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ClassicsOnline Home » DVORAK, A.: Serenade in E major, Op. 22 / Terzetto in C major, Op. 74 / Old Folks at Home, B. 605 (Dvorak Discoveries) (Richman)
The prize discovery on this unusual disc is a recording of Dvorák’s familiar Opus 22, but in the arrangement for which it was originally composed in 1873. The combination of instruments, which Dvorák first employed, was an octet consisting of two violins, viola, double bass, clarinet, horn, bassoon and piano. That score no longer exists, but musicologist Nicholas Ingman prepared the realization of the original that is heard on this disc. I don’t think that this reconstruction of Dvorák’s original intentions will replace his arrangement for string orchestra, which was published two years later, and which is the version that is almost always heard, today. Furthermore, and as others have argued, we will never know how Ingman’s arrangement compares to the original. Despite these reservations, I think that this version, as played by the Harmony Ensemble, is well worth listening to. I found it to be a refreshing antidote to some syrupy performances of the Serenade for Strings that I’ve heard. There is only one other recording of this version of the Opus 22 that I was able to find, by members of the Czech Nonet, on Musical Concepts and some other labels. However, I have not heard that performance.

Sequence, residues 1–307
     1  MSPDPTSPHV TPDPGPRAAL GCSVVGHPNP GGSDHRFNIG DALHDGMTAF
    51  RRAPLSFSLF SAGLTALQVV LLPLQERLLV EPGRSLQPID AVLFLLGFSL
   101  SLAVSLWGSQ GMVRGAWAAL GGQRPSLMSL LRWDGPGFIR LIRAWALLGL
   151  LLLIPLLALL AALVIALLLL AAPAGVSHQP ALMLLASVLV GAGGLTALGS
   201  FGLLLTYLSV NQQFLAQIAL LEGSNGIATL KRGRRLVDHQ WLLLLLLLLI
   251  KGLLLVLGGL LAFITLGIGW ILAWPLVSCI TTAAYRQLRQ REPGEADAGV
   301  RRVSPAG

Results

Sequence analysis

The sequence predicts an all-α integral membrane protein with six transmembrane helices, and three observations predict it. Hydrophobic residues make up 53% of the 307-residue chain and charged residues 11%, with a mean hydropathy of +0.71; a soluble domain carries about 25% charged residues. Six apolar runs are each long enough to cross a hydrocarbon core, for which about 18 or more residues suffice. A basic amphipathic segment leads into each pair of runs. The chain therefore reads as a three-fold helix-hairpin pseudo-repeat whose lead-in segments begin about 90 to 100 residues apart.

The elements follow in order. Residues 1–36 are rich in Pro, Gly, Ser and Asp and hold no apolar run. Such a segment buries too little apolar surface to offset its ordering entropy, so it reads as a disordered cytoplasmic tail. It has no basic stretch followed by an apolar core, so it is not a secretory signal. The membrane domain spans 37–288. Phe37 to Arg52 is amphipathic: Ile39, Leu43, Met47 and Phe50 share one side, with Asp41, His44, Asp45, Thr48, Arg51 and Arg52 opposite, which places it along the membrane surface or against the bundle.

Another Dvorák “discovery” played here is his arrangement of Stephen Foster’s, Old Folks at Home, for baritone, chorus and orchestra. It dates from the composer’s sojourn in the U.S., when he was the Director of the National Conservatory in New York. The work should be of interest to all who study the history of music in the U.S., as it reflects upon Dvorák’s involvement in defining an American national music. However, it is not great music, and it does justice neither to Dvorák, nor to Foster. The album notes acknowledge the influence of Harry T. Burleigh, who was a student at the National Consevatory (not Dvorák’s student, although he assisted the Czech composer, and was important in introducing him to Foster’s music and also Negro Spirituals). Burleigh sang the solo part in the first, and only public performance of the work, in 1894. Burleigh was reported to have had a wonderful voice, as well as being a composer and arranger of songs. He enjoyed a long career as a vocal soloist at St. Georges Church and Temple Emanu-El synagogue, both in New York. A recording from 1919, of Burleigh singing Go Down Moses, that is included on this disc is of historic interest, but may not show him at the peak of his form.
The other work on the album, Dvorák’s not altogether unknown Terzetto, Op. 74, for two violins and viola, receives a competent performance.more....
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DVORAK, A.: Serenade in E major, Op. 22 / Terzetto...